And can I just take a minute and say that God is so good!  That along with what I think are relatively normal challenges of having two pre-teen boys in our house, there is peace and ease and laughter and safety and genuine love  and discipleship in our home – praise God!  Our marriage is probably the best it’s ever been, we’re healthy, ministry is full, and our church is growing is so many ways – so much to be thankful for!

And perhaps that’s why the thought of everything changing again, us being kicked out of the country, not knowing what’s up ahead, that’s why it’s so overwhelming.

In fairness, this call to rest, the Lord had already said it to me.  I know myself (maybe you’re the same?) when I’m exhausted and feel like things are out of control, it’s because I’m trying to do things on my own, trusting in my own abilities and strength.  It’s like I’m walking a tight rope strung over the Grand Canyon, and more and more objects keep getting handed to me.  I have to walk; I have to balance, I have to keep it together!  I’m just not able!

The day after messaging with my friend, I was brought back to a section of Scripture the Lord has often used to speak to me.  This Psalm has encouraged me, convicted me, held me in so many situations.  And it’s not always the same verse or section.  This time it was this:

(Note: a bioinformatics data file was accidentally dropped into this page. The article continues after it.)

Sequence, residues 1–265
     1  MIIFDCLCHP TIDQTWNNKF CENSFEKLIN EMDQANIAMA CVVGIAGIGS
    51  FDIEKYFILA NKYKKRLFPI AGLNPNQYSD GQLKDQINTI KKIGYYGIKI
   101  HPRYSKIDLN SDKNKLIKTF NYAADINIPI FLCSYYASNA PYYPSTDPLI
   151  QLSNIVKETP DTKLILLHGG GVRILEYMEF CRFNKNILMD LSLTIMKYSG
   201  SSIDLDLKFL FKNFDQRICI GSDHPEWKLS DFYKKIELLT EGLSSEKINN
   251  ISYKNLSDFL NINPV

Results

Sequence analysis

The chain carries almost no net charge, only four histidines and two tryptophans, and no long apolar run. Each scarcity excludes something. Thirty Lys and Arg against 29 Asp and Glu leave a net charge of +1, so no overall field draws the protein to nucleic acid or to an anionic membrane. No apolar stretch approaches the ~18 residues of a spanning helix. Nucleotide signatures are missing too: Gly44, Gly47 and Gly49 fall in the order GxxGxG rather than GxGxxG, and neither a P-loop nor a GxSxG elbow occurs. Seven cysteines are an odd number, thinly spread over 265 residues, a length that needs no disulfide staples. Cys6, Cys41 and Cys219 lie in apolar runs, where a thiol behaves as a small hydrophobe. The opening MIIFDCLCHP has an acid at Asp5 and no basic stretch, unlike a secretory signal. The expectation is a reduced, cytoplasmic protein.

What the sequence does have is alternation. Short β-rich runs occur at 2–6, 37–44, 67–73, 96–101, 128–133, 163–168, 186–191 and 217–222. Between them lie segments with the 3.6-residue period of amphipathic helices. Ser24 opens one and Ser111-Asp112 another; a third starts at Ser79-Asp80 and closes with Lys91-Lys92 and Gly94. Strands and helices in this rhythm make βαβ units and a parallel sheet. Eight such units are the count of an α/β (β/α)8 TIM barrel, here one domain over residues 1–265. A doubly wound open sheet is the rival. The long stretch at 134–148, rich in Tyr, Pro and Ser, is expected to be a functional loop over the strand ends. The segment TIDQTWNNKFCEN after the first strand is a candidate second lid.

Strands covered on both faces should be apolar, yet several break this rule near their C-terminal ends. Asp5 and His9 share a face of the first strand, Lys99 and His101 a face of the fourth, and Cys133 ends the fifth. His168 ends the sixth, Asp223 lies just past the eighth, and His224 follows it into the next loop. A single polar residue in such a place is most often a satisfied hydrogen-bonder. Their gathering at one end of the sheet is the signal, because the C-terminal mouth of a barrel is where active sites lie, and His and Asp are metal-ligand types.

“The salvation of the righteous comes from the LORD; He is their stronghold in times of trouble.  The LORD helps them and delivers them; He delivers them from the wicked and saves them, because they take refuge in Him.”
– Psalm 38:39-40

My answer will come from the Lord.  Yes, there are things I need to do, applications and paperwork to fill out, but ultimately, it was the Lord who brought us here, preparing these works in advance for us to do.  And it will be the Lord that either keeps us here or moves us.  And I can trust that He knows the situation, that He knows our hearts, that He has a good plan, whatever it might be.

In that I can rest.

The person who says the words of this psalm is in need of saving, delivering, and help.  And their part, what they are able for is to hide. Not run away or avoid their circumstances, but tuck in, trust, take refuge in something, Someone who is bigger, more capable than they are.  The situation may not change (not right away anyways) but there is shelter, there is safety, and rest.  And joy in His presence!

“Rest” is a call to look up, to see that He is with us, that it’s okay if we cannot, because He can.  Praise God!